13 steps to take when you're recording and publishing your bands music

Since I’m going to mention different persons involved with the project of making STUD’s 3rd album by their names, it’s fair to briefly introduce myself and the other guys in the band. I’m Mika Kansikas, the guitar player, songwriter and the producer of STUD’s albums. I’ve also done big part of recording and mixing the albums. The other guys in the band are Ari Toivanen (vocals), Jyrki Partanen (bass) and Stenda Kukkonen (drums). Besides being great musicians and friends for life, they have done their share of adding flavours to the songs here and there, doing the background vocals and percussions, and of course being the most important judges of the end result.

Enough said about us. Let’s jump back to the topic. After my last blog post I started to think that I really didn’t answer my own question: How is it possible to spend 2+ years recording an album before anything is released? So, let me try again. One big reason, of course, is that we have our day jobs, families and other involvements. But when it comes to the actual recording process, there is simply so many time consuming phases to go through before you can proudly hold a copy of your album in your hands. That is, if you still want to make a physical CD, as we do.

I’m just going to make a list of the things that we have been doing to get to the point where we are now, when the first single has been released:

  1.  Doing the initial planning of the whole recording process
  2. Songwriting, writing the lyrics, arranging the songs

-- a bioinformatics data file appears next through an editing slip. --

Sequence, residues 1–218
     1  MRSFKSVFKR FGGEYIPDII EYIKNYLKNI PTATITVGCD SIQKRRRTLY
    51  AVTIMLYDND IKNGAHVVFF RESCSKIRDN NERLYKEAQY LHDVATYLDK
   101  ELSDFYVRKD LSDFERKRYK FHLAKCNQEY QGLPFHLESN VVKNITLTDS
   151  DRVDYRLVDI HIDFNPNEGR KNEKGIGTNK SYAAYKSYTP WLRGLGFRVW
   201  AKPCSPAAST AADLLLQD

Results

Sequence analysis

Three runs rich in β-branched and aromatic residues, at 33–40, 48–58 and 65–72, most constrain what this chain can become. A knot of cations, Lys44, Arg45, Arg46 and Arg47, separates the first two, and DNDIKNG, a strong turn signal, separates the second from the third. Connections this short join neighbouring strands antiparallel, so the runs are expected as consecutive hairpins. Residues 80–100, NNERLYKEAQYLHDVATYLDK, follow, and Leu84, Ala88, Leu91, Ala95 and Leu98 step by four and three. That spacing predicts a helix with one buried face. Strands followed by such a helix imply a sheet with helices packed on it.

3. Geting the necessary equipment for the project
  4. Making demos of all the songs that will appear on the album
  5. Recording the tracks: drums, bass, guitars, vocals, keyboards, background vocals, percussion
  6. Editing and mixing the tracks
  7. Getting the artwork done for the album and the first single
  8. Mastering the single and the whole album
  9. Having promo CD:s made
  10. Promoting the band and the single
  11. Taking care of the copyright registrations
  12. Having the single available in YouTube, Spotify, iTunes, Google Play, etc.
  13. Releasing the single
As you can see the list is long and I'm sure I already forgot something. What makes the whole thing even trickier is that you're not just doing these things one by one, but you're constantly jumping back and forth between things. And at every stage you must listen to the songs and how they're sounding and evolving, over and over again.

I'm sure this is familiar to those of you, who have done all this in your own projects. However, in my next posts I will be covering the different phases more thoroughly.

-Mika

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